Father of Lies: Fyodor Karamazov

The father of the four young men in The Brothers Karamazov is one of the most convincingly loathsome of all literary villains. “He was sentimental,” says the author. “He was evil and sentimental.” Fyodor Karamazov is a man whose evil lies as much in his capriciousness as in any premeditated wickedness.

Fyodor is a congenital liar of the sort so brazen that one is almost taken in by his audacity. We see his dishonesty at work in the comical interview that he has with Father Zossima very early in the story. (Dostoyevsky is superb at bringing out the absurd even in his darkest tales.) At one point the old libertine makes up an implausible anecdote about the French atheist Diderot, claiming he converted to Christianity while visiting a holy man in Russia. The lie is quickly discovered and the insincere Fyodor begins to grovel in mock penitence. In a poor imitation of the rich young man in the gospels he asks: “What must I do to gain eternal life?” To which the perceptive Zossima answers: “Don’t give way to drunkenness and incontinence of speech…. And, above all—don’t lie.” Karamazov idiotically asks if that means he shouldn’t lie about Diderot, to which the priest retorts, with a hint of humorous annoyance, “No, not about Diderot. Above all, don’t lie to yourself.”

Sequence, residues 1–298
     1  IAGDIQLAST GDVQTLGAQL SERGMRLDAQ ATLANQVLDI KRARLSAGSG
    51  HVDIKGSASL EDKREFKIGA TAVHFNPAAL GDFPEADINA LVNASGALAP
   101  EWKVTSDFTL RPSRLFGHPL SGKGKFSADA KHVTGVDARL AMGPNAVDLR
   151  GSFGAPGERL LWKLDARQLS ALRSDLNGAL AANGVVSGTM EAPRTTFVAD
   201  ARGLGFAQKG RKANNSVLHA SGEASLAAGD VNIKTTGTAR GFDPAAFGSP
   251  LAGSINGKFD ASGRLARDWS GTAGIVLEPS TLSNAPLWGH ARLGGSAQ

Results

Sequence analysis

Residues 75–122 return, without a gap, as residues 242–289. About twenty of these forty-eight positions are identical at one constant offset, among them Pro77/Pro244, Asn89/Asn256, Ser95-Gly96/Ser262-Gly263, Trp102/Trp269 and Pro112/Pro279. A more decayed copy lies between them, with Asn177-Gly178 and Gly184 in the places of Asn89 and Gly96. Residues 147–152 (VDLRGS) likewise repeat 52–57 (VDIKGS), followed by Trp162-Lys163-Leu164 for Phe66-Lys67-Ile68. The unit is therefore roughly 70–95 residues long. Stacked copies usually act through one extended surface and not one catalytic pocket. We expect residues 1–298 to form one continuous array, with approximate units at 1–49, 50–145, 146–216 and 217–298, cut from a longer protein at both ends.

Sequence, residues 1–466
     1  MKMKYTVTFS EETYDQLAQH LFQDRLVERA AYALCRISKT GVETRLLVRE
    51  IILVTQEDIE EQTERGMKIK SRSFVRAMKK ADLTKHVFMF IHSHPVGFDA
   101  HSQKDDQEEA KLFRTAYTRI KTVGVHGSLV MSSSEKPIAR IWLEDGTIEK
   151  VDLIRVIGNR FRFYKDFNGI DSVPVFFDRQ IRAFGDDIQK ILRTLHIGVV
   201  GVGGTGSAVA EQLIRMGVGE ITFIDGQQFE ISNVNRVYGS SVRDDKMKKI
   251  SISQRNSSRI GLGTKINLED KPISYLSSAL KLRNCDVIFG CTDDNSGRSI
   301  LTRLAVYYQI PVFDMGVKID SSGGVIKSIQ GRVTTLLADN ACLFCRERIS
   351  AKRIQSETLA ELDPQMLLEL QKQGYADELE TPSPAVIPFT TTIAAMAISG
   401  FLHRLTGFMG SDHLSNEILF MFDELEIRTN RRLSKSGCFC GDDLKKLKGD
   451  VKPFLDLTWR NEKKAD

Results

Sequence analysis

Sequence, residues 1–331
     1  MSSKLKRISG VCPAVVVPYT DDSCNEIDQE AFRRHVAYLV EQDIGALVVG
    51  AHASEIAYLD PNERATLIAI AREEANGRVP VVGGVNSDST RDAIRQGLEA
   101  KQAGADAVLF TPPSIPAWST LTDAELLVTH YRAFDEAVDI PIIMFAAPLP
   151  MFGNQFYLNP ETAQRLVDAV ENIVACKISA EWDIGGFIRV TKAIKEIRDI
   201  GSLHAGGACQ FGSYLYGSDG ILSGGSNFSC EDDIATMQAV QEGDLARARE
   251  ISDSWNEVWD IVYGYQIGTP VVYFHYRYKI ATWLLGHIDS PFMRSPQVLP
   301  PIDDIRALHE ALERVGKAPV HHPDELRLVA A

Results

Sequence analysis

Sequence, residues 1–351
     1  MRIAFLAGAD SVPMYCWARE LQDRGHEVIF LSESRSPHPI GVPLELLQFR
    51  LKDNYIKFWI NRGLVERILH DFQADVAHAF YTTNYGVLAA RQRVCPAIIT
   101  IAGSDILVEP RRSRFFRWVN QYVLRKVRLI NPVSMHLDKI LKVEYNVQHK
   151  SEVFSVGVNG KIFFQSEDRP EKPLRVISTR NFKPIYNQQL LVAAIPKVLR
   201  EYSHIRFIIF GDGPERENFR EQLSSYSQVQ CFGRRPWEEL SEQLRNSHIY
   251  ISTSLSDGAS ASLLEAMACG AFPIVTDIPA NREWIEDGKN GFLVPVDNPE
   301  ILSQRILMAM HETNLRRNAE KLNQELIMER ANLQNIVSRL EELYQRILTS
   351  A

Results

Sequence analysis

Not surprisingly, Karamazov proves incapable of taking such advice. He has spent so much time lying that can no longer distinguish between the real world and what he has made up. He is a consumate actor who lives for each scene and enjoys “making scenes,” even at his own expense. As Zossima warns him

having no respect [the liar] ceases to love. And in order to distract himself without love he gives way to passions and coarse pleasures and sinks to bestiality in his vices—all this from continual lying to other men and to himself.

Lies have a cumulative effect. In the Karamazov family they end in tragedy, just as the deceptions of the original Father of Lies magnified themselves over time to afflict all humanity. While the sons are not fatalistically doomed to repeat the lies of the father, they are inclined to follow his example. Even the best of the them pays a price just as we must pay for the transgressions of our First Parents. If there is any lesson here it is that there is no such thing as a “private sin.”

Let me add that there are few writers as fascinating (or as challenging) for a Christian reader as Dostoyevsky. Even when one doesn’t agree with him, it is hard to dismiss him.

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